Wexham Hospital, Slough conducted a prospective study of 30 consecutive patients admitted with hip pain following a fall after normal x-ray of the hip. All 30 patients were examined and then underwent an MRI scan. The examination findings were analyzed. The authors found that patients with fractures seen on MRI were unable to straight leg raise, had limitation of rotation due to pain and groin tenderness to deep palpation on clinical examination. The authors concluded when all three signs are positive there is a definite fracture and an MRI scan is not actually necessary. When two signs are positive, possible diagnosis of neck of femur can be made. This can be confirmed with MRI scan. The authors concluded that astute clinical examination can minimize inaccurate diagnosis, unnecessary investigations and even inappropriate surgical intervention (5).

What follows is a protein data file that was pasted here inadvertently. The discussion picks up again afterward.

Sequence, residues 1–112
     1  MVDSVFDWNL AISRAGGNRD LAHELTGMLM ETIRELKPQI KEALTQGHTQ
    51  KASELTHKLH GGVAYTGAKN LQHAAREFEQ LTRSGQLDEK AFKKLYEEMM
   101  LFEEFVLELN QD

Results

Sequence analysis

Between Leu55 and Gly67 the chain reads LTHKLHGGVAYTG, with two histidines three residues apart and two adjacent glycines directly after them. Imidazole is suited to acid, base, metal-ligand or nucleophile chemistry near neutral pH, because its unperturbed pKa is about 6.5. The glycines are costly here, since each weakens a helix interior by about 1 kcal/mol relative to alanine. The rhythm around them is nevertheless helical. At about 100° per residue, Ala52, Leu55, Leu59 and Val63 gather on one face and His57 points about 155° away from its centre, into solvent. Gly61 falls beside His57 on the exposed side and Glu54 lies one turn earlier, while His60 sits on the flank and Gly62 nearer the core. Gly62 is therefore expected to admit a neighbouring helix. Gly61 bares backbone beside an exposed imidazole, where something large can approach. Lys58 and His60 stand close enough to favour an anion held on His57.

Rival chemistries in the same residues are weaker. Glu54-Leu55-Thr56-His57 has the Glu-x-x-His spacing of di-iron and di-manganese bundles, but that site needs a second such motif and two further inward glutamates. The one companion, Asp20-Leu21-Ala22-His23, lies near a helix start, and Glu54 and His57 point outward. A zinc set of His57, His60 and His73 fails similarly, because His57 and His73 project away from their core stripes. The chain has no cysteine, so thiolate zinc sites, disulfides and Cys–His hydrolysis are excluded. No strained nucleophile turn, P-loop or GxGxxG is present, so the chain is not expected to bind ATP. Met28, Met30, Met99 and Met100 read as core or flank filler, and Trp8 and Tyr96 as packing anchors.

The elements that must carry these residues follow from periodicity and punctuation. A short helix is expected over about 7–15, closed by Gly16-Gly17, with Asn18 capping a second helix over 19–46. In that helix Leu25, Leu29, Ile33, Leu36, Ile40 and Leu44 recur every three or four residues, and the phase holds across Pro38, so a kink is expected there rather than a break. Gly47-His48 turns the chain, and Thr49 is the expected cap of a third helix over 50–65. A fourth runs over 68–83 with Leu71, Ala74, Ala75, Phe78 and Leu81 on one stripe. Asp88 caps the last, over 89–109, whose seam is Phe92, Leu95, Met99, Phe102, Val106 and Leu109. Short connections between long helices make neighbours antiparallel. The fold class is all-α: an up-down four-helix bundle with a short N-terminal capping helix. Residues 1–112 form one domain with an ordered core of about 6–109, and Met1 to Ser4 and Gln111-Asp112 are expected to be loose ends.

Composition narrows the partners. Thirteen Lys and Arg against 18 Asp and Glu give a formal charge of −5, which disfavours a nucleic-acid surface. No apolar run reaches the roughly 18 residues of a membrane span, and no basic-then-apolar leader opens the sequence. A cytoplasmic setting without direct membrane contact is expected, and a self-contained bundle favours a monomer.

Whilst working as an F2 in A&E in 2009 I performed an audit on a random sample of seventy six patients aged 60 and over who presented with hip pain following a fall. Seventy three percent of the fractures reported on x-ray by a radiologist were actually missed on initial review of the x-ray by the A&E doctor. All of the fractures were small and undisplaced. Two patients went on to have MRI scans which picked up occult fractures. Several of the patients with fractures re-presented to A&E and were subsequently admitted. The remainder did not re-present and their fractures had healed with conservative management.